It was all about gallant knights and noble lords, of damsels passing fair, of tourneys and feasts and battles fierce and long. Story after story he devoured, until he came to the best one of all. It told of a beautiful damsel with a mantle richly furred, who was girt with a cumbrous sword which did her great sorrow; for she might not be delivered of it save by a knight who was of passing good name both of his lands and deeds. And after that all the great knights had striven in vain to draw the sword from its sheath, a poor knight, poorly arrayed, felt in his heart that he might essay it, but was abashed. At last, however, when the damsel was departing, he plucked up courage to ask if he might try; and when she hesitated he said: “Fair damsel, worthiness and good deeds are not only in arrayment, but manhood and worship are hid within man’s person.” Then the poor knight took the sword by the girdle and sheath and drew it out easily.
And it was not until then that Sandy knew that he had had no dinner, and that the sun had climbed over to the other side of the steamer, and that a continual cheering was coming up from the deck below. Cautiously he pulled back the canvas flap and emerged like the head of a turtle from his shell. The bright sunshine dazzled him for a moment, then he saw a sight that sent the dreams flying. There, just ahead, was the Great Britain under full way, valiantly striving to hold her record against the oncoming steamer.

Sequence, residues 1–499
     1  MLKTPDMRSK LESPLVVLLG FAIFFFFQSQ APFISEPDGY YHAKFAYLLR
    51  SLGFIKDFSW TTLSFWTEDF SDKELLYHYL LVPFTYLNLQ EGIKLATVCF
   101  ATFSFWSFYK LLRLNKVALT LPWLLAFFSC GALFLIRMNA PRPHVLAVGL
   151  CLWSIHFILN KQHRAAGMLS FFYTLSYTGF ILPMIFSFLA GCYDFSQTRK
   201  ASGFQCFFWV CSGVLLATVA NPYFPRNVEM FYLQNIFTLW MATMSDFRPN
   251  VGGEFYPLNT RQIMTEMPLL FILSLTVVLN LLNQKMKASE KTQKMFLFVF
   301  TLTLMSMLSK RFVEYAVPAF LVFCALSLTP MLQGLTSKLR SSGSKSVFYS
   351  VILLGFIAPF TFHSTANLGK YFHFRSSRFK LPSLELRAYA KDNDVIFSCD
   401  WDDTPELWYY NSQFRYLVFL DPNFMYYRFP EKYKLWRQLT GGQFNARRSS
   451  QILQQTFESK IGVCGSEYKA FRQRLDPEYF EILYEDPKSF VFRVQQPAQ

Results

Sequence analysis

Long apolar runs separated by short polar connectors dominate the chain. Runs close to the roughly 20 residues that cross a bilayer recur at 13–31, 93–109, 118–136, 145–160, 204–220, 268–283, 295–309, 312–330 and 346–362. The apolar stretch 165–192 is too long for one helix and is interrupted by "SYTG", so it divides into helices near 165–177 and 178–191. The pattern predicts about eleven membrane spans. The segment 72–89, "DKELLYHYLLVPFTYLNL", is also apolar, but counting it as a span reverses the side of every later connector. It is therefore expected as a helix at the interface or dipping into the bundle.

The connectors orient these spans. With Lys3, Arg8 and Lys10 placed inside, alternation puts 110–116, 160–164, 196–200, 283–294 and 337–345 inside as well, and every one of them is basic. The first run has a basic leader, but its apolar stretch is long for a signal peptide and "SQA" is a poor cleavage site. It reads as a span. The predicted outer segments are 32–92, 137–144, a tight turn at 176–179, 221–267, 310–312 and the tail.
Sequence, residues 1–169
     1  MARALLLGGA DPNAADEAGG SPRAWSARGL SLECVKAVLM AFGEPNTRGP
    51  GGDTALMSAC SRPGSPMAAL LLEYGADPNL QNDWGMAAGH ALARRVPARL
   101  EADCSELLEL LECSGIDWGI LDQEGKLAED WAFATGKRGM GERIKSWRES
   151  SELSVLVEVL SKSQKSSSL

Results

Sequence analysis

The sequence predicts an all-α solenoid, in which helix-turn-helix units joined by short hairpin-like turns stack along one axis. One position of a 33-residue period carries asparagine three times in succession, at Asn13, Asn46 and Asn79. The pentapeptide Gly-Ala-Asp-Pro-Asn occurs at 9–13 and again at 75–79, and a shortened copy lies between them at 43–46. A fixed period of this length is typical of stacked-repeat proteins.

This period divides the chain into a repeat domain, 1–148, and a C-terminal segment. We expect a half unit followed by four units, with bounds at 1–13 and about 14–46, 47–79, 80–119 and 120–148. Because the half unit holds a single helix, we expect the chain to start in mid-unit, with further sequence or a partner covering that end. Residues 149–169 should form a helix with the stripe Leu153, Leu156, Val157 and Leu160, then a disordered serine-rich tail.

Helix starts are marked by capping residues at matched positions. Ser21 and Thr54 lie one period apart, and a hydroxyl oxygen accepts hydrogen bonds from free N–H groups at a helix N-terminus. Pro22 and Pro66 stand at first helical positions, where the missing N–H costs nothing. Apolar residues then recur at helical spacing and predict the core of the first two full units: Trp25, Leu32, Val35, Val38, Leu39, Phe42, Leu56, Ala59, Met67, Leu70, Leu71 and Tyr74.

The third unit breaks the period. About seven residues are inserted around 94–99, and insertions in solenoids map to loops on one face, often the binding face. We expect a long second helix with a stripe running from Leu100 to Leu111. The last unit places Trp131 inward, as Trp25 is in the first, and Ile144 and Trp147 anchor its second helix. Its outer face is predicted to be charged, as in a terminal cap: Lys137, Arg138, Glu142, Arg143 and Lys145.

Sandy sat up and breathlessly watched the champion of the sea, her smoke-stacks black against the wide stretch of shining waters. The Union Jack was flying in insolent security from her flagstaff. There were many figures on deck, and her music was growing louder every minute. Inch by inch the America gained upon her, until they were bow and bow. The crowd below grew wilder, cheers went up from both steamers, the decks were white with the flutter of handkerchiefs. Suddenly the band below struck up “The Star-Spangled Banner.” Sandy gave one triumphant glance at the Stars and Stripes floating overhead, and in that moment became naturalized. He leaped to his feet in the boat, and tearing the blouse from his back, waved the tattered banner in the face of the vanquished Great Britain, as he sent up yell after yell of victory for the land of his adoption.
[Illustration: “He sent up yell after yell of victory for the land of his adoption”]
Then he was seized by the ankle and jerked roughly down upon the deck. Over him stood the deck steward.
“You`re a rum egg for that old boat to hatch out,” he said. “I guess the cap’n will be wantin’ to see you.”
Sandy, thus peremptorily summoned from the height of patriotic frenzy, collapsed in terror. Had the deck steward not been familiar with stowaways, he doubtless would have been moved by the flood of eloquent persuasion which Sandy brought to bear.
As it was, he led him ruthlessly down the narrow steps, past the long line of curious passengers, then down again to the steerage deck, where he deposited him on a coil of rope and bade him stay there until he was sent for.